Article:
“The main thing that I’ve learned over the years is that MacGuffin is nothing,” Alfred Hitchcock told French director Francois Truffaut in a 1962 interview, referring to a widely-used plot device that creates and sustains suspense throughout a film. His best MacGuffin, according to Hitchcock, was “the emptiest, the most nonexistent, the most absurd.”

Adam Hayes has dedicated the last ten years to investigating the various strategies through which the legacy of power is embodied, exploring monuments, sculptures, and architecture. For this occasion, he draws his references from classical portraits, which represent individuals with grandeur and majesty, thus becoming engrained in the collective conscience as epic heroes and martyrs.

Taking its title from a Latin proverb that means twilight, or more precisely “the time when light is too poor to tell a dog from a wolf,” Inter Cane et Lupum comes at a turbulent time in which monuments are being damaged, destroyed, or at the very least, revised. Yet while concurring that these inherited memorials no longer reflect current social values or power relationships, Hayes’s drawings and text pieces invite us to take a step back and contemplate them as a trope: in their abstraction, their artifice, their dominance, their nothingness.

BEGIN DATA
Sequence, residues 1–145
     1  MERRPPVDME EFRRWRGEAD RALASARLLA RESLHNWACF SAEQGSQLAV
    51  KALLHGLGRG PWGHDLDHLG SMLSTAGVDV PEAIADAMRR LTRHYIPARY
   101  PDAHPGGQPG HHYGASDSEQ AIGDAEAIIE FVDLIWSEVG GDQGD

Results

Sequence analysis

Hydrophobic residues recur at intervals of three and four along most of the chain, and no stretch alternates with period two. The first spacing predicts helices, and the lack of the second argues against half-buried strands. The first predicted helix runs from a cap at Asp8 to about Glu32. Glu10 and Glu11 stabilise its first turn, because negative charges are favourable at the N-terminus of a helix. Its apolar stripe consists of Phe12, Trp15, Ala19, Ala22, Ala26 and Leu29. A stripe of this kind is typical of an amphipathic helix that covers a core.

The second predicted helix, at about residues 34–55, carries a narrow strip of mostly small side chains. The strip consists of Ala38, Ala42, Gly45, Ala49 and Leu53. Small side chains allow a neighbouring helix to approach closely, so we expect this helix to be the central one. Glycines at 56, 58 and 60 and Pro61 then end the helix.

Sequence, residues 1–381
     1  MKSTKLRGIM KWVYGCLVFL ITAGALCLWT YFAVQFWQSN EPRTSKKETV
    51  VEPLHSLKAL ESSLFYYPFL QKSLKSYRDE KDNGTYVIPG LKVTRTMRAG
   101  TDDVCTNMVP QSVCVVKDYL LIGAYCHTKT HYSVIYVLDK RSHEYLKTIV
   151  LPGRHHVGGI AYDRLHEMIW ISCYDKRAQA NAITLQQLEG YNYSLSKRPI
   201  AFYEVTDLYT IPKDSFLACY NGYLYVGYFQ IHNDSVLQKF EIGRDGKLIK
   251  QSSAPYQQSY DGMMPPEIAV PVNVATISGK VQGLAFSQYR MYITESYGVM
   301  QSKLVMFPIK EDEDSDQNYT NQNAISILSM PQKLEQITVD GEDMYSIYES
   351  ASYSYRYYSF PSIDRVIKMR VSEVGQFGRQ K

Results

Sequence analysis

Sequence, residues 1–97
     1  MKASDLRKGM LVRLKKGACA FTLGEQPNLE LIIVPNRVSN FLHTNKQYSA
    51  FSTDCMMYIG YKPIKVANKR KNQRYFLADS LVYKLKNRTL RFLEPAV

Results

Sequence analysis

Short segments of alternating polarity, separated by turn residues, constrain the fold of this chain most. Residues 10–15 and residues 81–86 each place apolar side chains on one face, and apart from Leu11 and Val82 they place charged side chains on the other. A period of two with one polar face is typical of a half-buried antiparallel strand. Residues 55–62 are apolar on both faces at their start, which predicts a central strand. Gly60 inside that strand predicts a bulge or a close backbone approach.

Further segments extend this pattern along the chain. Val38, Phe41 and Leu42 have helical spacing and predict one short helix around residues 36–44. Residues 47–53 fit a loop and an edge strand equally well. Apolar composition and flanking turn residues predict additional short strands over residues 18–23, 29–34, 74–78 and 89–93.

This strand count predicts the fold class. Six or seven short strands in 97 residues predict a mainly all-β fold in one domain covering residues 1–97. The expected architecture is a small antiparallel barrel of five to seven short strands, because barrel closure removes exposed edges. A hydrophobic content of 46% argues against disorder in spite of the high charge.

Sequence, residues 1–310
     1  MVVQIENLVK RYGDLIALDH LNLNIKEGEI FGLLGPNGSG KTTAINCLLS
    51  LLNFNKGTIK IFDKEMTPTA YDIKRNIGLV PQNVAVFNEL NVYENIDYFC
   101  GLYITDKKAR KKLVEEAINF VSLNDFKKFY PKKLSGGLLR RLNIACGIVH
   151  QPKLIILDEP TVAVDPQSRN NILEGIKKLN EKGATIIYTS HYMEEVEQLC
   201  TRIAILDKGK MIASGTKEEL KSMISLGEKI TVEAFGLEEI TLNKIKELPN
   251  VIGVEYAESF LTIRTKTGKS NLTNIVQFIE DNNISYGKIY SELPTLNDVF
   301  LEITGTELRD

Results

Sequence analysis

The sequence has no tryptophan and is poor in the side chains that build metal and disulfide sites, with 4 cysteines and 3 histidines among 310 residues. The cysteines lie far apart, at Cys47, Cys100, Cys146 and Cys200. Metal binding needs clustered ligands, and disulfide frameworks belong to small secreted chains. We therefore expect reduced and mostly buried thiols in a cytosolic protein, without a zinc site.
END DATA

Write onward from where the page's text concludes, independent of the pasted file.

Adam Hayes (b. 1979, Kansas) is a New Jersey-based artist whose work has been featured in several exhibitions at various venues, including but not limited to Devening Projects + Editions, Chicago; Number 35 Gallery, New York; P·P·O·W Gallery, New York, and University of the Arts, Philadelphia.